Sad but sweet, Olivia Vriens
Rachel’s Legacy is a story based on a young Jewish girl’s letters to her baby, during WWII. Her letters contain the heartbreaking reality of the treatment of Jews during this time, and also the difficult decision to give her baby up. Rachel did this to keep working in Berlin with the resistance and to “carry out her family’s honor”. Rachel worked for an organisation called The Red Orchestra, an anti-Nazi movement that put their lives on the line to help Jews in hiding. While Rachel’s Legacy is a work of fiction, Thomas greatly reflects the dangers that organisations like this would have had to face daily during the war, and that “no one was safe”.
Intertwined with this is the contemporary story of an art history scholar called Kobi who travels to Germany to study the works of Albrecht Durer. These two worlds collide as Kobi is given Rachel’s letters, letters that could open up a whole new way of life for him.
My first impression was that the book was to be based on a person called Rachel and her life. This was correct, but I was happily surprised to find that the book also included a modern protagonist. It was a nice mix of history and modern day life, and follows the life of both Rachel’s family and Kobi’s. Having these two as the main points of view gives the reader insight into not only the characters, but also the families who were affected by this as well. Thomas builds a strong connection with the characters. Through this, Thomas teaches us the strength of family and how together, they are stronger.
Reading this book makes you want to go up to a family member and hug them.
I personally like it when a book can teach you something, or can make you feel something emotionally towards the themes. As for the language of this book, I felt that the author used formal language, but nothing that was hard to read.
The story was broken into chapters and continually progressed through the book. The information was not crammed into the story, but was thoughtfully placed so you would read a page of Rachel’s letters and learn with Kobi.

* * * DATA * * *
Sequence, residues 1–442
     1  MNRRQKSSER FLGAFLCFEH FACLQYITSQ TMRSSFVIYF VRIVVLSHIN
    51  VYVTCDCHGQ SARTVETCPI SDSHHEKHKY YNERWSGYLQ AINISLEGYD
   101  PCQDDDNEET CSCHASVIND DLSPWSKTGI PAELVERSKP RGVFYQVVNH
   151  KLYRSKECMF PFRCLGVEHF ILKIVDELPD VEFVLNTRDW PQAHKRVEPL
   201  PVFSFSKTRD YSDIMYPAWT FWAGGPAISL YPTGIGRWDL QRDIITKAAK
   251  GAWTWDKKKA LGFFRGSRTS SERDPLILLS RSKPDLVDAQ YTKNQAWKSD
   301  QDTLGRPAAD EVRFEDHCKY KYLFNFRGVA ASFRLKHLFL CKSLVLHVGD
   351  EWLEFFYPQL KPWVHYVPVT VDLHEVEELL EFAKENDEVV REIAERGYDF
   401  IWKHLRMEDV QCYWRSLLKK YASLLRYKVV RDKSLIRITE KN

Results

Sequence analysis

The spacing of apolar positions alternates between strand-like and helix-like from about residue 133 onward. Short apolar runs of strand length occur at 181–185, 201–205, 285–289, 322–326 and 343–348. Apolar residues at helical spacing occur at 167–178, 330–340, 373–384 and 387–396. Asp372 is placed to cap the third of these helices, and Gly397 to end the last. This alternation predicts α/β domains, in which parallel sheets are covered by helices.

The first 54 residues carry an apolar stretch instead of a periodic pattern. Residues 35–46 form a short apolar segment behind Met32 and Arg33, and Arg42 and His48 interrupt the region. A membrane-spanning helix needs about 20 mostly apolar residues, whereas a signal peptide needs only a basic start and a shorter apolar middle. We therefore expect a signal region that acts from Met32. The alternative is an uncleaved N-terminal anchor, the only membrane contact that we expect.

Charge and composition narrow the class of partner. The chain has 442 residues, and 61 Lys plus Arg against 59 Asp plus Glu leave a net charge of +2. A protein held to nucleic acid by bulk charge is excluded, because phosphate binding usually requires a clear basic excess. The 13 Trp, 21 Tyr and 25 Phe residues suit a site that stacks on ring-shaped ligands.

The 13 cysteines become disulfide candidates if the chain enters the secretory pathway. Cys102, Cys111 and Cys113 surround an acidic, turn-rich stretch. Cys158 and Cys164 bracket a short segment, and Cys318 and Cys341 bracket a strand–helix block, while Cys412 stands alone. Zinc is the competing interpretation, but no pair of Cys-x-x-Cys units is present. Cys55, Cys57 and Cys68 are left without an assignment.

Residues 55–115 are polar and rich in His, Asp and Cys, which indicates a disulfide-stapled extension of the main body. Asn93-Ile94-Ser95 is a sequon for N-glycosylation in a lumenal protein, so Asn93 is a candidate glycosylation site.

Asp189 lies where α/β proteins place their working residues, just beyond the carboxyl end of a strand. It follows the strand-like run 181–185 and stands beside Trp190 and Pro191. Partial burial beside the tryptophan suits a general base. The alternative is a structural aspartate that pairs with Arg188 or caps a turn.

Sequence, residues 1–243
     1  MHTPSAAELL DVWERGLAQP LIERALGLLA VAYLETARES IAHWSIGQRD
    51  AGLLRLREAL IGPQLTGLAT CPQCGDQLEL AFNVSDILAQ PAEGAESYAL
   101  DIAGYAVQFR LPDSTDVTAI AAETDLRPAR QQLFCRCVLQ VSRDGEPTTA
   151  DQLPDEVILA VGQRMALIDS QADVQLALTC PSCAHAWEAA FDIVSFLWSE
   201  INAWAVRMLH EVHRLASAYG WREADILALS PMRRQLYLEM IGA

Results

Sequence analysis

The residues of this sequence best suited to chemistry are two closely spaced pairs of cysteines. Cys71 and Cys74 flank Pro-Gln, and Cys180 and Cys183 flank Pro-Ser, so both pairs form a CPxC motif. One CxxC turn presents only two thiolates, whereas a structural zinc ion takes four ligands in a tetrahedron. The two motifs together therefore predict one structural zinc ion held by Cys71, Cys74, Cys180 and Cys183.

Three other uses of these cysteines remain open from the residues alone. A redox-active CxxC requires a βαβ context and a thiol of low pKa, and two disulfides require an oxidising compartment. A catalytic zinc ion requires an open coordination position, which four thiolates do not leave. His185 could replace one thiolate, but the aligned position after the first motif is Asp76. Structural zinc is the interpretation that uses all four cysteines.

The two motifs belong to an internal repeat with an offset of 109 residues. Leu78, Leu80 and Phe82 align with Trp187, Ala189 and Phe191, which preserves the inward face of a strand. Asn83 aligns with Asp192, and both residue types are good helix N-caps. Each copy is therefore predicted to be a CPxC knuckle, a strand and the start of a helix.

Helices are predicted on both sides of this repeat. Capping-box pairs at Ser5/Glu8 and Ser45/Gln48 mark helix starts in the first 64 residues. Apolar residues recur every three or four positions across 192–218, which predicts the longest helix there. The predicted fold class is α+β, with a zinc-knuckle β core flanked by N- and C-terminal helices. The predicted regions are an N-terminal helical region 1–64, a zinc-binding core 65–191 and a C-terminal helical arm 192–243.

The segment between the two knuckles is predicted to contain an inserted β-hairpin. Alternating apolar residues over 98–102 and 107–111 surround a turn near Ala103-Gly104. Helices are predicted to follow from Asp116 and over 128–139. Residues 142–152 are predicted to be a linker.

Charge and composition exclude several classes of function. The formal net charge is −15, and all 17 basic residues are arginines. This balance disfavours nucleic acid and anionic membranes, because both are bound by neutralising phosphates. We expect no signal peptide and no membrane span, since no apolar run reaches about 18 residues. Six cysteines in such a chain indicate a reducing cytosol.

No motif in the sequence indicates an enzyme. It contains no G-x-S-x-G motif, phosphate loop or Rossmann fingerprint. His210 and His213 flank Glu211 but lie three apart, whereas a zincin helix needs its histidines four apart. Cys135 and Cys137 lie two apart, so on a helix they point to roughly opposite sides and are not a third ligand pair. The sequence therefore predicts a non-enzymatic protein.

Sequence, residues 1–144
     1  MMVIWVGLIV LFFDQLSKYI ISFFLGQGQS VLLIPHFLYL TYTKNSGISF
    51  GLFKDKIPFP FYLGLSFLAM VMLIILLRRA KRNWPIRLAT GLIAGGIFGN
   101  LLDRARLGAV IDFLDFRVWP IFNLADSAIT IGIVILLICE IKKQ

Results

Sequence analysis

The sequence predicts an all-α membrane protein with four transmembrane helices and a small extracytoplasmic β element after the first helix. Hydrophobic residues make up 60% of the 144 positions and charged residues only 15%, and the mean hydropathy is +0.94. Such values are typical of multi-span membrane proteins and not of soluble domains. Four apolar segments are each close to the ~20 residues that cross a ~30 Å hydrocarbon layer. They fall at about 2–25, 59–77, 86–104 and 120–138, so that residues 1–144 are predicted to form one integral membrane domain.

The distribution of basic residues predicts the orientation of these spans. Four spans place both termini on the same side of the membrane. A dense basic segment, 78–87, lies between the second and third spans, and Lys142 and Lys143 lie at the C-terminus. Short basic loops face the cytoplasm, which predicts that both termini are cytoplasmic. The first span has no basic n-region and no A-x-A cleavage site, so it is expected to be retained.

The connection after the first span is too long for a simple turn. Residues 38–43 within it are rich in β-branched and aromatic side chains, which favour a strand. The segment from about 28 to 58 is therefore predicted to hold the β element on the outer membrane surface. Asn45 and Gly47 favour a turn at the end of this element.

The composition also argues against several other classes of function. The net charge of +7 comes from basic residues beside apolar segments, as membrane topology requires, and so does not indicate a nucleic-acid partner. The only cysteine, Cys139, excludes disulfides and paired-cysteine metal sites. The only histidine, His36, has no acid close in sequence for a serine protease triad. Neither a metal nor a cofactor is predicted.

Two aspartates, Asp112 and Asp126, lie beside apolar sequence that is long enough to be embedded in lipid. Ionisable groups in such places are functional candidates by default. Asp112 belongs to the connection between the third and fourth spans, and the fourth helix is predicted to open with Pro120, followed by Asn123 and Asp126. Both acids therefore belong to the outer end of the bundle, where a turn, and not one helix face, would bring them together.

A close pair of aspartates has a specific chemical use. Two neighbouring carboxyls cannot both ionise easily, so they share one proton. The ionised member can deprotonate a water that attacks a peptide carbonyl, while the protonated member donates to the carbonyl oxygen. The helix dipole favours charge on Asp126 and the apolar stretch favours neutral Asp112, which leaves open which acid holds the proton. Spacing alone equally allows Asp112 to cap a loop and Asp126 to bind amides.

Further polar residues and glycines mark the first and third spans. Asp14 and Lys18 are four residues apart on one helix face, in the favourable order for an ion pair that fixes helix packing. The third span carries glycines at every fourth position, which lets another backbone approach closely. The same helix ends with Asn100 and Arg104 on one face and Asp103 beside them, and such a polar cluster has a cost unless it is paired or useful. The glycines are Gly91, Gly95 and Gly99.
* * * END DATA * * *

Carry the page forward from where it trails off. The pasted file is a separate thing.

I found the pacing of the book easy to keep up with and the information easy to digest. This is important, as history can be difficult to follow along with while reading. I believe this book is aimed at teenagers through to a young adult audience. It is a nice source for history and Thomas structured Rachel’s letters well. Rachel’s letters were based on actual holocaust survivors’ stories.
I thought the modern day character was portrayed fine, but sometimes he used words that you would not hear a modern person saying. For example, Kobi says “shall”. Rachel used “Mama” and “Papa” to describe her parents. Other characters did the same, although they were older men. I found amusing and this personally didn’t bother me.
Overall, I think it is a sad but sweet story. It was strange to think a Jewish girl, probably my age or a bit older, has grown up without family to become a spy. This makes me thankful for the peaceful and secure life I know I am living now, away from a war-torn country. I am amazed to see how Rachel has grown up to maturely see the war as it is, and how she was able to write about it the way she did to her baby. This book is a good read if you love touching war stories mixed with a new one. The clear description of the characters also gives you a feel for what they are like, giving them human characteristics that you will not forget.
Olivia Vriens is 17 years old, and from Island Bay, Wellington.